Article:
Attacks on prison staff rose 21% in a year as record levels of violence continue to sweep through jails in England and Wales, official figures show.
Assaults and self-harm incidents recorded behind bars have also increased again to hit new highs.
There were 10,213 assaults on staff – around 27 a day – recorded in the 12 months to December 2018, up 21% from the previous year, a Ministry of Justice (MoJ) report showed.
Of those, 995 were classed as “serious” – such as those which require medical treatment or result in fractures, burns, or extensive bruising – up 15% from 2017.
The MoJ report noted that there has been a change in how assaults on staff are recorded, which may have contributed to the increase.
However, the number of assaults on staff in the three months to December 2018 decreased by 14% to 2,349 from the previous quarter – the first quarterly drop in two years.
NEWS: Delighted that today's figures show that we have begun – as promised – to turn around violence in the ten most challenged prisons. Early days but the first significant drop in the quarterly violence statistics after almost 4 years of increases. A huge thank you to the teams pic.twitter.com/6OIrj6ufcy
— Rory Stewart (@RoryStewartUK) April 25, 2019
The figures come weeks after a 23-year-old prison officer had his throat cut with a razor blade at HMP Nottingham.
In the wake of the attack, Prison Officers’ Association national chairman Mark Fairhurst said the officer, who was new to the job and still in his probationary period, needed 17 stitches.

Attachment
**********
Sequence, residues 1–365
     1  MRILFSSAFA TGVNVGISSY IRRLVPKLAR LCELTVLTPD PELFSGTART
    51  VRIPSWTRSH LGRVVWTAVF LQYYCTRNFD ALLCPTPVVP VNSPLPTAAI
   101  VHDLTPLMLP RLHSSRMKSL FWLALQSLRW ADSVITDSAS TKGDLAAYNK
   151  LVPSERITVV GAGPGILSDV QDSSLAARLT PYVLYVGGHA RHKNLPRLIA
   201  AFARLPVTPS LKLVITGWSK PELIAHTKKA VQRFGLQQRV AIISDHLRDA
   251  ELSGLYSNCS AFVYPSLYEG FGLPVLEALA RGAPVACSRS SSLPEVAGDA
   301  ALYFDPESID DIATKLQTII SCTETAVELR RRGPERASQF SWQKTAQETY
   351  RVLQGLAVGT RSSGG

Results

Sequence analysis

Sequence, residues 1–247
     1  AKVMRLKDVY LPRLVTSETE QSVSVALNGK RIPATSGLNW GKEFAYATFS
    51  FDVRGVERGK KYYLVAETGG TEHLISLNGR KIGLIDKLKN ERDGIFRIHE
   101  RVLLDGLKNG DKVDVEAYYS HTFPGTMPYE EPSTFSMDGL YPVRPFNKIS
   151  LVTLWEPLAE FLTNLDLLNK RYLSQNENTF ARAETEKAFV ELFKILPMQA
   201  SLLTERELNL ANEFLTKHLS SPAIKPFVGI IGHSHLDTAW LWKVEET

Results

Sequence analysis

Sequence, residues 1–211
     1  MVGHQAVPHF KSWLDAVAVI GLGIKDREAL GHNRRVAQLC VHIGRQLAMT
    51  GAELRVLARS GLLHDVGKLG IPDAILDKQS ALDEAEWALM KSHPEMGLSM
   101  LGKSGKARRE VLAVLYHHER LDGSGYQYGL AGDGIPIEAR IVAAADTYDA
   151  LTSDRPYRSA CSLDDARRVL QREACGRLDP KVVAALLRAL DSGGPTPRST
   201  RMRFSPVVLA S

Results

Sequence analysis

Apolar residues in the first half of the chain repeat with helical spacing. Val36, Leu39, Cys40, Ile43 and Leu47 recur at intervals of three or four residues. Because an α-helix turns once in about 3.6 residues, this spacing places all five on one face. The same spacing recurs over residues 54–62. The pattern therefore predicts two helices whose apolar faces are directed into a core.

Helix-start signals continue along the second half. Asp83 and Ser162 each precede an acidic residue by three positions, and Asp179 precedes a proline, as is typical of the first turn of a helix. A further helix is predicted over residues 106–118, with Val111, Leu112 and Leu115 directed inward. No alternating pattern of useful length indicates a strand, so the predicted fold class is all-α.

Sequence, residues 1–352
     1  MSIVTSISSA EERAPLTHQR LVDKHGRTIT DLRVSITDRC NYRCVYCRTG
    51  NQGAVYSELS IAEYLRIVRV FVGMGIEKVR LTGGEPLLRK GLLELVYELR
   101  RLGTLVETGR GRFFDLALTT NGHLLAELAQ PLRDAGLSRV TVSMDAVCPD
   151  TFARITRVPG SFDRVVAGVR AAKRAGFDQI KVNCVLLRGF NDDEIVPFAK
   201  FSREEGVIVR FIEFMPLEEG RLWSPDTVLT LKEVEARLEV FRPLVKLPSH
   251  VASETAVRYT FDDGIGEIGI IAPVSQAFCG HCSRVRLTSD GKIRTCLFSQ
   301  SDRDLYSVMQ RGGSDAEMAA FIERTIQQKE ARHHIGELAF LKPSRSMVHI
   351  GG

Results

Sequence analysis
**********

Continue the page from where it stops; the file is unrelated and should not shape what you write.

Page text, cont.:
He has since been released from hospital.
Michael McKenna, 25, has been charged with causing grievous bodily harm, attempting to inflict grievous bodily harm and a racially aggravated public order offence in relation to the incident.
Elsewhere, the Safety In Custody bulletin revealed:
– The total number of assaults jumped by 16% to a record high of 34,223 in the 12 months to December 2018;
– Assaults in the three months to December 2018 decreased by 11% to 8,150 from the previous quarter;
– There were 317 deaths in prison custody in the 12 months to March, up 6% from the previous year;
– Of these, three were homicides, down from five incidents in the previous year;
– Over the same period, there were 87 self-inflicted deaths, up 19% from 73 in the previous year;
– In the 12 months to December 2018, there were 55,598 incidents of self-harm, up 25% from the previous year.
– The number of self-harm incidents in the three months to December decreased by 7% to 14,313 from the previous quarter.
The statistics provide the latest indication of the scale of the challenge facing ministers and prison staff to end the safety crisis that has hit much of the jail estate in England and Wales.
Prisons Minister Rory Stewart had promised to resign if the violence figures did not improve.
Mr Stewart said: “Violence and self-harm in prisons remains unacceptably high, but I’m pleased at these early signs that we are making progress.
“It’s particularly encouraging to see a quarterly drop in violence, the first in two years. Our dedicated prison staff deserve enormous credit and I want to thank them all for their tireless work.
“There is still much to do, however, and no-one should underestimate the effort required to return long-term stability to the prison estate.
“We will continue to prioritise improving safety and security – making conditions safer for prison officers and prisoners, and ultimately protecting the public.”
Peter Dawson, director of the Prison Reform Trust, said: “These numbers show that there is a very long way to go before our prison system is safe for the people who live and work in it. The rise in self-inflicted deaths is especially concerning.
“Everyone will hope that the modest improvement in both self-harm and assault figures in the most recent quarter may be the start of a trend, although it is far too early to say.
“But it would be a mistake, when a change may have started to happen, to put that at risk. Rolling out the deployment of Pava spray to all prison officers will undermine the relationships between staff and prisoners on which all aspects of safety ultimately depend.”